Tenon mulls mergers, acquisitions as US housing recovery picks up
Tenon, the wood mouldings manufacturer which posted its first annual profit in ten years, is considering merger or acquisition opportunities to capitalise on the recovering US housing market.
The Taupo-based company returned to profitability this year, as the US housing market, where it gets 90 percent of revenue, began to recover after being hit by the US sub-prime mortgage fiasco and subsequent global financial crisis. As the market picks up Tenon expects to see more merger and acquisition activity, and is looking to refocus in the new housing market, Chairman Luke Moriarty told shareholders at the annual meeting in Wellington.
"We do want to grow further in the pro-dealer segment, we'd like to rebalance a bit more to new housing, relative to retail, and you can do that several ways," Moriarty said. "You can organically grow, which is what we are doing now, and you can do it by acquisition, and we are looking at both. We've got to be conscious, while we're looking at others, they're probably looking at us. This is a very good company so I am sure the eyes are going both ways with this one."
"We're more comfortable with where our earnings growth profile is looking now, our balance sheet is more solid than it has been at any point in the cycle and that's the same for everybody else participating in this recovery," Moriarty said.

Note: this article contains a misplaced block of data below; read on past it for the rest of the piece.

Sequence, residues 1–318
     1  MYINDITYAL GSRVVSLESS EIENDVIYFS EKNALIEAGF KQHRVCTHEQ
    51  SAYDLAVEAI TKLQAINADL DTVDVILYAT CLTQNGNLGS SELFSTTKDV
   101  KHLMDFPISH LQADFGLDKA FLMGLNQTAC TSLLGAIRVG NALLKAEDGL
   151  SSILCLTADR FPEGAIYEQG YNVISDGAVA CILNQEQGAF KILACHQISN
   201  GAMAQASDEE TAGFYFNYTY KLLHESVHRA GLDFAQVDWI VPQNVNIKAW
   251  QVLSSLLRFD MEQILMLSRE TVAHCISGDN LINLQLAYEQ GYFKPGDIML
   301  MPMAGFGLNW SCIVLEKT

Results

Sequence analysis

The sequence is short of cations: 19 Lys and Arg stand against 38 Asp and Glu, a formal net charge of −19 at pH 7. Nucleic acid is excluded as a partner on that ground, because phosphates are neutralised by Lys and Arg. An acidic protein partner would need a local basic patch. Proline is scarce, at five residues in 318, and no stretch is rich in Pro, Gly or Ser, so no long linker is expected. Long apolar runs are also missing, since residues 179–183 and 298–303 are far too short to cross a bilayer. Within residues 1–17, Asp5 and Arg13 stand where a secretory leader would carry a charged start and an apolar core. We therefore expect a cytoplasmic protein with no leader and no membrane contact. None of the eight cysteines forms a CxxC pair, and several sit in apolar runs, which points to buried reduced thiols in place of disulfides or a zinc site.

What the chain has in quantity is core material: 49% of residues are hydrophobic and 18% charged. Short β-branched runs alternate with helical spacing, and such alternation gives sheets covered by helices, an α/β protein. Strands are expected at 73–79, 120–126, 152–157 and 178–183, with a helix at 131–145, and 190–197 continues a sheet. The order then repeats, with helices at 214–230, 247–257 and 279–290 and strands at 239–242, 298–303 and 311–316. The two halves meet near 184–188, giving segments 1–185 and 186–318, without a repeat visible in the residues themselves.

The company didn't provide earnings guidance, saying the outlook was dependent on the recovery, in particular the impact of the US Federal Reserve's ending of quantitative easing, which has seen the central bank pump cash into the economy in a bid to stimulate growth. The recovery in the US housing sector is yet to reach the mid-point in the cycle, with low wage increases, uncertainty around interest rates and mortgage restrictions in the US holding back new, younger home owners, Moriarty said.
"We haven't given forward guidance, and nobody in our sector has," Moriarty told BusinessDesk after the meeting. "Everybody is waiting to see the effect of QE and easing and people want to see what's happening with interest rates."
Another element in holding back guidance is a historically high New Zealand dollar, which crimps the value of US earnings, Moriarty said.
"For currency, every cent is $650,000 of operating earnings to us, so we had headwinds this half because (the kiwi) averaged probably 82 (US) cents to 83 cents, while the corresponding period last year was 79 cents, so that's four cents times $650,000," the chairman said. "It has been a struggle for the first six months in terms of FX but now its off significantly, this morning it is 77.5 cents, so who knows, that's part of the reason we're not giving guidance."
Tenon shares have more than doubled over the past two years, having dropped as low as 50 cents during the sub-prime mortgage crisis and subsequent global financial crisis. In August the company embarked on an on-market share buyback scheme of 400,000 shares and has flagged further buybacks in the future.
"We just a board meeting and the five directors all had different views," Moriarty said. "It's going to be dependent on the recovery, but there is an independent report on the company by Edison which says mid-point value at $2.50, it's a $1.74 today, so clearly there's some upside there."